Trade facilitation reforms

Reforms and amendments on existing regulatory laws will facilitate the free flow of traded goods. These include:

  • Cabotage Law which allows foreign vessels to dock at any Philippine port for loading and unloading of foreign cargoes. It is also expected to increase port revenues and provide price-competitive shipping service that will help exporters to compete effectively in the international market. It will further help decongest Manila ports as most shipments normally have to unload first in Manila before shipping directly to other domestic ports around the country.
  • CMTA which makes PHL compliant with the Revised Kyoto Convention which is a blueprint for “modern and efficient customs procedures” of the World Customs Organization. The law also aims to significantly reduce human intervention in Bureau of Custom’s (BOC) process and promotes transparency and accountability of the BOC.
  • BOC’s Customs Memorandum Order (CMO) 29-2015 which discards two (2) import forms such as the Import Entry and Internal Revenue Declaration (IEIRD) and the Supplemental Declaration on Valuation (SDV). This will reduce their transaction costs with the BOC in the release of their imported items.
  • Another BOC policy that would be beneficial to exporters is the non-requirement of Certificate of Exemption for importation of lithium Ion batteries provided that these are imported as finished product. This was reiterated in Customs Memorandum Circular No. 96 -2015 pursuant to Dangerous Drugs Board Regulation 1-2014.

The BOC also revised its port operation manual, thereby abolishing the requirements of Notice of Stuffing and the presence of Stuffing Inspector during the stuffing/loading of export cargo container (CMO 4- 2015).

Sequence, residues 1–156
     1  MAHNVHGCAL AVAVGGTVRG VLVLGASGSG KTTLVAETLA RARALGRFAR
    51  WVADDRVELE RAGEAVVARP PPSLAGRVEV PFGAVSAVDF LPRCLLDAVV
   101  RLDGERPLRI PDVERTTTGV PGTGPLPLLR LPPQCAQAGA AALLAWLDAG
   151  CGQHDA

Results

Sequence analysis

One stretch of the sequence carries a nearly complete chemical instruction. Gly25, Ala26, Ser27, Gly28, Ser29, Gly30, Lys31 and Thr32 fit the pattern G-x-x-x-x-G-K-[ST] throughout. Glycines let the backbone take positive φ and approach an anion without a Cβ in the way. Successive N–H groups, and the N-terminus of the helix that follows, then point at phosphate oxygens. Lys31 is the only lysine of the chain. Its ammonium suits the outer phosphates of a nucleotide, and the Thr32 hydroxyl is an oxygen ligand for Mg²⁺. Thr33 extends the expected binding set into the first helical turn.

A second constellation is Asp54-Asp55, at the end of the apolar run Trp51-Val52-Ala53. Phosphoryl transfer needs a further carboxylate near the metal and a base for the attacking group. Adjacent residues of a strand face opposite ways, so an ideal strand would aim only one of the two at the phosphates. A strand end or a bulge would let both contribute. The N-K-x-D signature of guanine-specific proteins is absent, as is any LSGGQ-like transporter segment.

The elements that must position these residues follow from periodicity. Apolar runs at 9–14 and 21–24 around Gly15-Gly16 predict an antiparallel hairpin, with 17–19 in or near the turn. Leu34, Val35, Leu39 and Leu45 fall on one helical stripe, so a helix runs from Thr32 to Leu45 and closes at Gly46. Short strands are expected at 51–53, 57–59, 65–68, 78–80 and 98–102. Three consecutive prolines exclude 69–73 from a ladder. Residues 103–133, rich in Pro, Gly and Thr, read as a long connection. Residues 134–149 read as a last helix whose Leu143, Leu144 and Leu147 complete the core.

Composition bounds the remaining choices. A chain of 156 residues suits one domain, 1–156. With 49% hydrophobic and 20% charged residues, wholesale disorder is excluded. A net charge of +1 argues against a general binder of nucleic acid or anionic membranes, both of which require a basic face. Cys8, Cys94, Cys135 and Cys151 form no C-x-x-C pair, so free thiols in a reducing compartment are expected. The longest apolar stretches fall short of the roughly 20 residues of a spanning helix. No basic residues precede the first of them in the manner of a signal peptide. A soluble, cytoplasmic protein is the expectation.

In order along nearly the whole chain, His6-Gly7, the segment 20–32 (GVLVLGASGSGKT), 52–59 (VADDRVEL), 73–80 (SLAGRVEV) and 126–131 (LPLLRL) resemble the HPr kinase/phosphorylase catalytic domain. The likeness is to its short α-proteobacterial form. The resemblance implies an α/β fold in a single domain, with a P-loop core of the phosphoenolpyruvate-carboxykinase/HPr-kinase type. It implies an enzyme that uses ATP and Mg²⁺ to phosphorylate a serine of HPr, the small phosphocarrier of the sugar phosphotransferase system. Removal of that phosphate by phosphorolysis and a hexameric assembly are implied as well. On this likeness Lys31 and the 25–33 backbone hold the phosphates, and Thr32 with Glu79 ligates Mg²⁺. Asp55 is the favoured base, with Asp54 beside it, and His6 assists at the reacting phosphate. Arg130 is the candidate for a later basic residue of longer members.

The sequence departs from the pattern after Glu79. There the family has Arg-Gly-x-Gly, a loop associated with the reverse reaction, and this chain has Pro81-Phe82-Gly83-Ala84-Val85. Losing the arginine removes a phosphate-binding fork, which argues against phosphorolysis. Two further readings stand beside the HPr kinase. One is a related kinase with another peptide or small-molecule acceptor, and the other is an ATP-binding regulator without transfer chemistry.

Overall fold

PHL pushing for WTO TFA ratification

Philippine products and services are bound to reach an even wider international market once the World Trade Organization’s (WTO) Trade Facilitation Agreement (TFA) is ratified.

The WTO TFA, a key component of the Doha Development Agenda, aims to speed up the movement, release, and clearance of goods across borders. The agreement includes provisions for advance rulings and pre-arrival processing, the use of electronic payment and promotion of the use a single window, provisions for customs cooperation and coordination, and reduced documents and formalities with common customs standards.

Negotiations on the agreement started in 2004 and will enter into force once two-thirds of the WTO members have completed their domestic ratification process.To ratify the WTO TFA, the Philippines will submit its Instrument of Acceptance signed by President Benigno Aquino III to the WTO through its Philippine Mission in Geneva.

The TFA is also consistent with customs reform initiatives in other international fora such as the World Customs Organization (WCO), Asia Pacific Economic Cooperation’s (APEC) Trade Facilitation Action Plans and activities of its Sub-Committee on Customs Procedures, and ASEAN trade facilitation initiatives.Philippine reforms are currently underway through the Customs Modernization and Tariff Act (CMTA) now pending ratification in Congress.

The CMTA adopts trade facilitation measures that will expedite import and export clearance. This legislation will improve customs services through a simplified, secured, and harmonized cargo clearance process. The CMTA addresses, as well, the country’s international trade commitments and deals with transparency and accountability issues in the Bureau of Customs (BoC).

DTI Undersecretary for Industry Development Dr. Ceferino S. Rodolfo said that the TFA will significantly benefit MSMEs since the implementation of rational, efficient, and simple rules would encouragethem toparticipate more actively in international trade.

“Our MSMEs can now easily export goods and finished products as well as import intermediate goods which will serve as industry inputs for processing and re-export, fully integrating our industries into the Global Value Chain (GVC). This will result into a spill over effect to other industries, thus generating jobs, disseminating upgraded technology, and advancing the skills and capability of our local entrepreneurs,” Rodolfo said.

The Philippines serves a crucial processing link along the GVC chain, both as a source and destination for intermediate goods, with a 56% overall participation rate measured by share of foreign value added in total exports. The country was ranked 8th in the list of the top 25 developing economy exporters in the 2013 World Investment Report of the United Nations Conference on Trade and Development.